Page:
LendingClub Fund Has First Negative Month on Valuation Fixby
Swings may increase under new methodology, CEO says in letter
Fund oversaw about $700 million at the start of the month
A LendingClub Corp. investment fund that’s struggled with withdrawals this year posted a negative return for August, the first decline in its five-year history, after overhauling how it values holdings and incurring losses on riskier debts.
The LC Advisors Broad-Based Consumer Credit Fund ended the month down 0.49 percent, cutting this year’s net return to 1.24 percent, LendingClub Chief Executive Officer Scott Sanborn told stakeholders in a letter and report Friday. It marks the fund’s first drop since it opened in 2011. The worst month had been June, when it broke even amid a surge in redemption requests.
LendingClub has been trying to assuage loan investors spooked by the surprise resignation of the company’s founder in May and an uptick in write-offs. The fund buys unsecured consumer loans arranged on the company’s online platform. In June, the investment vehicle was forced to limit redemptions after stakeholders asked to pull out $442 million, or 58 percent of assets under management.
But in the case of the August slump, key developments had already been signaled, with the largest hit coming from a one-time adjustment as the firm improved how it values holdings, Sanborn wrote in the letter. He became CEO in May after the company disclosed that employees had altered loan documents sent to an investor and that the prior CEO had failed to publicly disclose his interests in a fund that LendingClub was considering investing in. These events triggered a leadership shakeup, and sparked a grand jury subpoena from the U.S. Justice Department and a separate probe by the Securities and Exchange Commission. Sanborn is also acting president of the LC Advisors subsidiary.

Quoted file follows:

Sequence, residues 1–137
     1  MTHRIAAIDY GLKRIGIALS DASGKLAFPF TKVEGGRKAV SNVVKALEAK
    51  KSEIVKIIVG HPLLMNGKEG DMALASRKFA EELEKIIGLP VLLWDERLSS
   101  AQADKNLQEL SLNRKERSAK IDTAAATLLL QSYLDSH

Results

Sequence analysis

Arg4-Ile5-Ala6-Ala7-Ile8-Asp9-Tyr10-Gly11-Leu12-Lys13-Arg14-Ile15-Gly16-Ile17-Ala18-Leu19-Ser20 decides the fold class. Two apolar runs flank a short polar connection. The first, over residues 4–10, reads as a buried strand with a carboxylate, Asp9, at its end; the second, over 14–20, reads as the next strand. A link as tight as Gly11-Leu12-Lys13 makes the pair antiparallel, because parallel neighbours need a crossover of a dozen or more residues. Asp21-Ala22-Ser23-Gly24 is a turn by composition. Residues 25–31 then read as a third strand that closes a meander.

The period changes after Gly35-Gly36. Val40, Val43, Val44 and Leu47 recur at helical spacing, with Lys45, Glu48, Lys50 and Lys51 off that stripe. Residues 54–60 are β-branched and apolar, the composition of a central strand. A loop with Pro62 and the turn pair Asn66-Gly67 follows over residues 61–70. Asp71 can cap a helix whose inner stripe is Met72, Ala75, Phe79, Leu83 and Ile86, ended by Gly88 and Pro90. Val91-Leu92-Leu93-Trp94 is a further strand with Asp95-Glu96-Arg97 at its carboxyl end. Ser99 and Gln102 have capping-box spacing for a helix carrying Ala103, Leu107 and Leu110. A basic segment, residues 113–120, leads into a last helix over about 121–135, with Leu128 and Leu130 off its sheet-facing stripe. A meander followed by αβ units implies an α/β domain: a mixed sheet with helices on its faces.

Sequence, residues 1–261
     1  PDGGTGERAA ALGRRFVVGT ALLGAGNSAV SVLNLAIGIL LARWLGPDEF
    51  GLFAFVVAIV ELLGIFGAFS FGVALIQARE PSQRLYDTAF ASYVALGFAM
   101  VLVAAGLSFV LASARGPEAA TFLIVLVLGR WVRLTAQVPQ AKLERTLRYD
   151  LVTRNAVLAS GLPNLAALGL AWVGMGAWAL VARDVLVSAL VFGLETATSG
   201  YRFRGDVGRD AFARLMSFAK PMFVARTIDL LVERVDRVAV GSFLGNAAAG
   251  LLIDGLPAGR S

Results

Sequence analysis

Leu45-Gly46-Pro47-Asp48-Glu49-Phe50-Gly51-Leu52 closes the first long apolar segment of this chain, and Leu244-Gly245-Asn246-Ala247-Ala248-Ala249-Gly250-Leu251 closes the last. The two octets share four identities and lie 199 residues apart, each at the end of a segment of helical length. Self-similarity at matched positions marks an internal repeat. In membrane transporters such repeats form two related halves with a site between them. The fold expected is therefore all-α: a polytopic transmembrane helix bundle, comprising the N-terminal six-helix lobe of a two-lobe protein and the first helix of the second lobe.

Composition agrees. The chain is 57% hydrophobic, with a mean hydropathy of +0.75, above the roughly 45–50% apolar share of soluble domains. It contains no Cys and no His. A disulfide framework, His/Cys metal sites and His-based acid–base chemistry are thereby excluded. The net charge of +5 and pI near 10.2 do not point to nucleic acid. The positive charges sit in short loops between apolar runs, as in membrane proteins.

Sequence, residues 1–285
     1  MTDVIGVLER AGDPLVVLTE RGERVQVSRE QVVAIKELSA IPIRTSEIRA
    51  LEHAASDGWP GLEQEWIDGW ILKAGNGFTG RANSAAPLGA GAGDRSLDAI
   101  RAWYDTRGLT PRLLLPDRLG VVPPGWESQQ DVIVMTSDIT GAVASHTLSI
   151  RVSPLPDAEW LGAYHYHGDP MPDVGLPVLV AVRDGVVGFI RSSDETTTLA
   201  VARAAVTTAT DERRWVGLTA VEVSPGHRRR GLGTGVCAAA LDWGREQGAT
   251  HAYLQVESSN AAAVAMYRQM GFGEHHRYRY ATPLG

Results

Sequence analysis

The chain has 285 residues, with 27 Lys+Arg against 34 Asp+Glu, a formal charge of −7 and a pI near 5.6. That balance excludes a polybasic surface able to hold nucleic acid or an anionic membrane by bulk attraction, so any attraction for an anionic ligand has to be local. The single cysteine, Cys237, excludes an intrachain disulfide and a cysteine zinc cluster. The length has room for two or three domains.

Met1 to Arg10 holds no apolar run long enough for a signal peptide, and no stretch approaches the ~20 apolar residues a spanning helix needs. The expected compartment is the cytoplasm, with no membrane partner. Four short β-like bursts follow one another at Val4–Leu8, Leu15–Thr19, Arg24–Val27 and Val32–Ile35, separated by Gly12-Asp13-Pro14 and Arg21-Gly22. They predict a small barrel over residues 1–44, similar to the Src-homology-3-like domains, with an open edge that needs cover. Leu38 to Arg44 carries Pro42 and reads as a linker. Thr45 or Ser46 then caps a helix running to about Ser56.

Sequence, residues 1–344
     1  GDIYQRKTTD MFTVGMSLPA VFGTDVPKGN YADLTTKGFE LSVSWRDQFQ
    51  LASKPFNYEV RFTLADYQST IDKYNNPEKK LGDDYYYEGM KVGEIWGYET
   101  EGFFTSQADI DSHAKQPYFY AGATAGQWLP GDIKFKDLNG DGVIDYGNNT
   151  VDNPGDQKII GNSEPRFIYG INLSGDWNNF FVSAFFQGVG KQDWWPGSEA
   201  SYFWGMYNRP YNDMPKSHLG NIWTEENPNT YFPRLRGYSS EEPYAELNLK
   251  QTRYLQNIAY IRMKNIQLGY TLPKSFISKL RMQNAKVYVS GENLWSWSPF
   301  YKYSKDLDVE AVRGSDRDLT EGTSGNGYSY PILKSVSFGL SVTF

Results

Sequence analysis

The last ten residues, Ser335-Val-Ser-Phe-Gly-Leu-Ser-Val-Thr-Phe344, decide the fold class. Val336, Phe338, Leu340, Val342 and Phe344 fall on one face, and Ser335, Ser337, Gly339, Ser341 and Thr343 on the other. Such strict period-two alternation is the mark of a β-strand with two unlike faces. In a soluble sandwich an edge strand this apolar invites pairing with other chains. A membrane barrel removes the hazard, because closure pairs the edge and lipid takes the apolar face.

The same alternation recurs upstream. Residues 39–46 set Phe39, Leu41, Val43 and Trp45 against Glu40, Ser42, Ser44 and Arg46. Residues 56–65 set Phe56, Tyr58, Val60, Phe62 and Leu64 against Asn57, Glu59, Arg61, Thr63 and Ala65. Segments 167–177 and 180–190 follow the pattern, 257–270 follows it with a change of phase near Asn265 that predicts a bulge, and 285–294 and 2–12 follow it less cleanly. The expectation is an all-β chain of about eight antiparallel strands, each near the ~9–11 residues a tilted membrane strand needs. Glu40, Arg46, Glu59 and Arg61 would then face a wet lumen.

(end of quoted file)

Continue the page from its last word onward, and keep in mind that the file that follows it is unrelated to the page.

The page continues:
A spokesman for San Francisco-based LendingClub declined to comment beyond the letter. LendingClub’s shares fell Monday, trading at $6.08 at 2:05 p.m., down about 3 percent.
The LendingClub fund, overseeing about $700 million at the start of the month, had disclosed plans earlier in the summer to overhaul how it tracks assets. It enlisted outside valuation firm Duff & Phelps Corp. and shifted methodology to forecast how debts will perform individually, rather than in groups. August marked the first month under the new system, resulting in a one-time 0.95 percent reduction to returns, Sanborn wrote.
In the future, “investors should expect more movement in fund returns month-over-month because the new methodology is more responsive to changes in each individual loan’s delinquency status,” he said.
Certain loan write-offs continued to exceed projections, reducing the fund’s return by 0.79 percent in August, Sanborn said. Many of the problem debts were five-year loans with risky grades -- part of a category LendingClub has been taking steps to address. The company said in April, for example, that it was boosting interest rates for riskier loans, and that after seeing certain “pockets” underperform, it would curtail lending to such borrowers.
“Performance of new loans purchased by the fund should benefit from these increased interest rates and targeted credit tightening,” Sanborn wrote in the letter.